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Cancer Trends Progress Report – 2007 Update

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Also in this Section
Prevention
Age at Smoking Initiation
Youth Smoking
Adult Smoking
Quitting Smoking
Health Professionals’ Advice to Quit Smoking
Secondhand Smoke
Fruit and Vegetable Consumption
Fat Consumption
Alcohol Consumption
Weight
Physical Activity
Sun Protection
Pesticides
Dioxins
Red Meat Consumption


Also in the Report
Report Highlights
Trends-at-a-Glance
Summary Tables
Prevention
Early Detection
Diagnosis
Treatment
Life After Cancer
End of Life


Prevention

Cancer can be caused by a variety of different factors and may develop over a number of years. Some risk factors can be controlled. Choosing the right health behaviors and preventing exposure to certain environmental risk factors can help prevent the development of cancer. For this reason, it is important to follow national trends data to monitor the reduction of these risk factors. This section focuses on national trends data from two major groups of risk factors: Behavioral and Environmental.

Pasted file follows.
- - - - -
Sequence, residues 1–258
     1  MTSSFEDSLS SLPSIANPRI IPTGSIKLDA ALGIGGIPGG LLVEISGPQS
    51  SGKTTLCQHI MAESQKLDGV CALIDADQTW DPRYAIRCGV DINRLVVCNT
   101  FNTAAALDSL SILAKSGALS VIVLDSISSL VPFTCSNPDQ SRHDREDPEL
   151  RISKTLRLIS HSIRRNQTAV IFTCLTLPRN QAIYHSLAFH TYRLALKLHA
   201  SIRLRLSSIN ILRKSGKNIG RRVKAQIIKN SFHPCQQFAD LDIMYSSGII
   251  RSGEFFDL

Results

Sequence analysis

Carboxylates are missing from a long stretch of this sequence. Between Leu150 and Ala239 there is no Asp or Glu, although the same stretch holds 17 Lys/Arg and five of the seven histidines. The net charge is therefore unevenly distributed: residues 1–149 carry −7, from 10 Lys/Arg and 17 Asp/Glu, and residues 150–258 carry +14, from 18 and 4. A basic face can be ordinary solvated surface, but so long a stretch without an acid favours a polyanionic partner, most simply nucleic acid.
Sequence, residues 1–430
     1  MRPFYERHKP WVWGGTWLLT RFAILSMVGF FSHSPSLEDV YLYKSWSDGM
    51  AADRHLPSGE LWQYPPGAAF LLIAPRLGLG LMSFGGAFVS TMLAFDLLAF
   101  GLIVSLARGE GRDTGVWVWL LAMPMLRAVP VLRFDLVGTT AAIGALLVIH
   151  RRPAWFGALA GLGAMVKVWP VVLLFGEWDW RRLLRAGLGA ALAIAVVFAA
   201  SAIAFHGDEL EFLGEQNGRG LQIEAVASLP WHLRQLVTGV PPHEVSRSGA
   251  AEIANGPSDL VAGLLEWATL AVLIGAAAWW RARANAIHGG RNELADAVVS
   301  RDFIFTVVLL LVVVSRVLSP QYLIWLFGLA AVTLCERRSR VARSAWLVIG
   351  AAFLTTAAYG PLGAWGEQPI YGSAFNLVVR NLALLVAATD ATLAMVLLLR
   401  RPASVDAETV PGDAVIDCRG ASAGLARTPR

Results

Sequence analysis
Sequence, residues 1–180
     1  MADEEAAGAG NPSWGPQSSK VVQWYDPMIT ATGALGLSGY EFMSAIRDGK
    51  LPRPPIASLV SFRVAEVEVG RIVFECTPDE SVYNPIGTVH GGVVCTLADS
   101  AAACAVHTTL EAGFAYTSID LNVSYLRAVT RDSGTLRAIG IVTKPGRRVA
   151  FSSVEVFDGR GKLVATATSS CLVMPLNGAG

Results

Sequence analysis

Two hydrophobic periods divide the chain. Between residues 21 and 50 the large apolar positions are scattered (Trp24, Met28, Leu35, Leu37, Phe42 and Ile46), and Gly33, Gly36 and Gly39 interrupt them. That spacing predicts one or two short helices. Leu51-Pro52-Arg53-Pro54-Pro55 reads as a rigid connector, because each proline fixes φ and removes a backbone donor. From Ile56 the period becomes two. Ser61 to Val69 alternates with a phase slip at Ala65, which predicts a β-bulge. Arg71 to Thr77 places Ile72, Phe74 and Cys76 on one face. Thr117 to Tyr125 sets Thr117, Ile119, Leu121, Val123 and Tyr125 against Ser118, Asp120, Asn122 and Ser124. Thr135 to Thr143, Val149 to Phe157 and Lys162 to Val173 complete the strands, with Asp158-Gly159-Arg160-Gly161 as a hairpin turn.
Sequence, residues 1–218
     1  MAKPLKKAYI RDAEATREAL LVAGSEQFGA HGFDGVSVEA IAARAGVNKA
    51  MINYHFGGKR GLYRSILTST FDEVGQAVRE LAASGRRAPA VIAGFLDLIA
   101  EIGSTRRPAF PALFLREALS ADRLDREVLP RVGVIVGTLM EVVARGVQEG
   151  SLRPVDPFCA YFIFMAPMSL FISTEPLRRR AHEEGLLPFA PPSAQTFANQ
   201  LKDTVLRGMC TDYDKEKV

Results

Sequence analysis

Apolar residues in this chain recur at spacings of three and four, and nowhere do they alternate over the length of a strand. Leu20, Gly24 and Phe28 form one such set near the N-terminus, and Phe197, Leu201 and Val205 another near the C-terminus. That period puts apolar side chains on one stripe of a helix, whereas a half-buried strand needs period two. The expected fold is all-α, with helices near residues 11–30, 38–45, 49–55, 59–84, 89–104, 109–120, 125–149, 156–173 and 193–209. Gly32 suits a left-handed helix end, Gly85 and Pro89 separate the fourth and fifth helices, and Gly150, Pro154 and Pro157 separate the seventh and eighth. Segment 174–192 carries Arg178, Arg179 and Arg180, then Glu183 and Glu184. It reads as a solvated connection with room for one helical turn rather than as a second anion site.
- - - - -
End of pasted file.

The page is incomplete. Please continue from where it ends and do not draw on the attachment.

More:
Behavioral Factors
Scientists estimate that as many as 5075 percent of cancer deaths in the United States are caused by human behaviors such as smoking, physical inactivity, and poor dietary choices. The first part of the Prevention section describes trends in the following behaviors that can help to prevent cancer.

Tobacco Use
Smoking causes about 30 percent of all U.S. deaths from cancer. Avoiding tobacco use is the single most important step Americans can take to reduce the cancer burden in this country.

Diet
Maintaining a healthy weight and eating a moderate-fat diet and enough fruits and vegetables while limiting consumption of red meat and avoiding too much alcohol is also an important step in reducing cancer risk.

Physical Activity
Obesity and physical inactivity cause about 2530 percent of several of the major cancers in the U.S., including colon, breast, endometrial, kidney, and esophageal cancers. Obesity is estimated to cause 14 percent of cancer deaths in men and 20 percent of cancer deaths in women.

Sun Protection
The number of new cases of melanoma skin cancer has increased between 1975 and 2004, with an estimated number of 60,000 new cases in 2007.

Environmental Factors
Certain chemicals, biological agents, toxins, etc. are associated with cancer development. In this section, national trends data associated with environmental exposures and their relationship to cancer are reported.

Secondhand Smoke

Chemical Exposures

The environmental measures highlighted in this report were chosen based on the availability of national trends data and their inclusion in the Healthy People 2010 Report. Because national trends data were unavailable for other environmental exposures that cause cancer, they were excluded from this report.

National Cancer InstituteDepartment of Health and Human ServicesNational Institutes of HealthUSA.gov